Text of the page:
Another case of an alternate reality game antecedents: Ray Johnson's performances, as depicted by How To Draw a Bunny (2002).
As a stager of performances, a player of pranks (sometimes called "nothings"), Johnson's blurring of reality with art pieces is clearly in the ARG vein. The film presents many cases of such boundary games, like an obsession with the sales process, drawn-out gallery showing negotiations, Taoist tricks by mail art (he's often credited as the founder of mail art), mind games by phone. Johnson staging most of his life as performance is a theme running through many of the interviews.
Johnson's death stands out as his major "nothing", with his house arranged into a gallery/game/mausoleum. Some of How To Draw a Bunny's finest moments occur in interviews with the Sag Harbor coroner, visibly creeped out and excited by the extraordinary staging of Johnson's home. Art dealers mix glee with trepidation as they spot tiny art pieces hidden in door hinges, old collages positioned as clues to the suicide, and reminders of the death in works examined a decade later. The viewer must wonder how many clues went unrealized, how many games unplayed, as people refused to attempt to intrepret mail sent to them, or didn't catch on to clues in conversations. What did they miss in Johnson's death house? The recreation of a normal space as an area of epistemic doubt and connection, a story emerging by investigation of distributed items, multiple/overlapping/unforeseen timelines, the proliferation of interpretations nestled doubtfully on the boundary of artifice and daily life - this is a signpost on the way to The Beast.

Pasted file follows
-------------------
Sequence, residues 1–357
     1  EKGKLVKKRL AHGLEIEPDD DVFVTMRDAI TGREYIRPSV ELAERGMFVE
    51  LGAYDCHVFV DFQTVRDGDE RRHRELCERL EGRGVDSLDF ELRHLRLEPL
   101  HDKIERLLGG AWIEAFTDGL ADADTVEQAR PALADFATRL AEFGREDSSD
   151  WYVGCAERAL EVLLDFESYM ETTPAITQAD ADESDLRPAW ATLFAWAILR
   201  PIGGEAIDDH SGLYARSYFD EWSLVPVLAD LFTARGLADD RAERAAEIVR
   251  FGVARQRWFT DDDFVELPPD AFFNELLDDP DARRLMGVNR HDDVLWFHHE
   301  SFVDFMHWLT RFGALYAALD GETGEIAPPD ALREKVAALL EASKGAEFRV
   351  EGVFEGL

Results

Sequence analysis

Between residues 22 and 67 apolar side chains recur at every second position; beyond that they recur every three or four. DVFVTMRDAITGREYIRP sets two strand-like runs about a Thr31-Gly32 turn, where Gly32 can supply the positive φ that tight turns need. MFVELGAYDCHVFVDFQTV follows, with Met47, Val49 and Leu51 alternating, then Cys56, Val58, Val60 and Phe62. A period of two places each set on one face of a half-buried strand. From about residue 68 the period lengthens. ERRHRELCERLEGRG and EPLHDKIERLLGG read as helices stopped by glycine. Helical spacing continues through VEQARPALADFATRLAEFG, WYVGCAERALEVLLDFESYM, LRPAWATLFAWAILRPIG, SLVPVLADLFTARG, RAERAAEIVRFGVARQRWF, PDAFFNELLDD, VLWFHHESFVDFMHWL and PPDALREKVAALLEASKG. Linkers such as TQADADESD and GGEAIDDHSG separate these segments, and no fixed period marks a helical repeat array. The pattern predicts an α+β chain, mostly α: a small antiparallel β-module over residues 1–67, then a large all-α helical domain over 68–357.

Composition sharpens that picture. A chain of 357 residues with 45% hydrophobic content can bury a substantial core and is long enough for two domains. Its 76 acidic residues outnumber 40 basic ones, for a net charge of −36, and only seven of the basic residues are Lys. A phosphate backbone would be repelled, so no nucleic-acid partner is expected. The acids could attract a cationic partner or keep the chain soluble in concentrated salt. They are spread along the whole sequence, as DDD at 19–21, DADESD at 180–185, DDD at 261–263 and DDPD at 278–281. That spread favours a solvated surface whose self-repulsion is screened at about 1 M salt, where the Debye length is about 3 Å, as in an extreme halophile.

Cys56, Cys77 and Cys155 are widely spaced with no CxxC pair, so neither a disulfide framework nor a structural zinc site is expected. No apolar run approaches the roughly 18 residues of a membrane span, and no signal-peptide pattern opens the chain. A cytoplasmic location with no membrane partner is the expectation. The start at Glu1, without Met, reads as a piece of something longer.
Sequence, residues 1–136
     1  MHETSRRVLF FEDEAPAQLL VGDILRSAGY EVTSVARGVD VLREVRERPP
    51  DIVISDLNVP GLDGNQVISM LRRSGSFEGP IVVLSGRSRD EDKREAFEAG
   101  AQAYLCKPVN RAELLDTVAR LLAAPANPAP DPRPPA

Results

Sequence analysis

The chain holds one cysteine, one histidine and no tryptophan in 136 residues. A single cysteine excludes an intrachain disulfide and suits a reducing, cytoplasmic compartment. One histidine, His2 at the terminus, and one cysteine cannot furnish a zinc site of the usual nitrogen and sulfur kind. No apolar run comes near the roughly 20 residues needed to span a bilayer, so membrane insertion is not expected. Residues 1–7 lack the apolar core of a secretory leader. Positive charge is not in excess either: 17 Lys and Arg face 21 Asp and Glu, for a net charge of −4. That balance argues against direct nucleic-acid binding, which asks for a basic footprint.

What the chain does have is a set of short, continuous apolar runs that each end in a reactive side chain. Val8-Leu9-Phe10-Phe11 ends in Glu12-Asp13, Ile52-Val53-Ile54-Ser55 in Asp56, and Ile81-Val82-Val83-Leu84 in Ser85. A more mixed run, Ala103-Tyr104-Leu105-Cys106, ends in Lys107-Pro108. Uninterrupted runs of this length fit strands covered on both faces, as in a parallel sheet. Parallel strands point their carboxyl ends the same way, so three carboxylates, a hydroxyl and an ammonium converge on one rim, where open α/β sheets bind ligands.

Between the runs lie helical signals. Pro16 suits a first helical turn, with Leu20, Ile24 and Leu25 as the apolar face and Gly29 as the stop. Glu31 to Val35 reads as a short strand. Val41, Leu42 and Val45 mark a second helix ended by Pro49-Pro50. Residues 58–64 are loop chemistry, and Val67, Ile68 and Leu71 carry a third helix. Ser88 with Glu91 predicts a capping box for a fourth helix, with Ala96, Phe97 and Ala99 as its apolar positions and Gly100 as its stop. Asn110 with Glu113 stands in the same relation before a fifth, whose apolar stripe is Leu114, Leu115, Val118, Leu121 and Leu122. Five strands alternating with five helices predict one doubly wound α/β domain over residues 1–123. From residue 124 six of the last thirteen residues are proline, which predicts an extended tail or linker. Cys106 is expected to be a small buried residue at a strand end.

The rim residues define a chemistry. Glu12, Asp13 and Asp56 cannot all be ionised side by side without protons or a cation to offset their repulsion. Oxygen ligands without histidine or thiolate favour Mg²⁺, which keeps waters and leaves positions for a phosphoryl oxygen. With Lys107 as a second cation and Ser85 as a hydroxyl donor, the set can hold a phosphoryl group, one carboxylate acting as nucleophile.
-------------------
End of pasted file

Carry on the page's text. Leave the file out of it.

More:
Back to the film: the focus on Johnson's death might be why some biopic features are lacking. Interviewees wonder about how the artist paid his bills ("I thought he ate air!" says one), yet the fact of his enormous savings isn't mentioned. His sexuality doesn't really appear, beyond hints. The arc of his reputation is barely mentioned, as is port-mortem influence. More pieces for the viewer to assemble.
Many thanks to Richard Liston for pointing this film to me.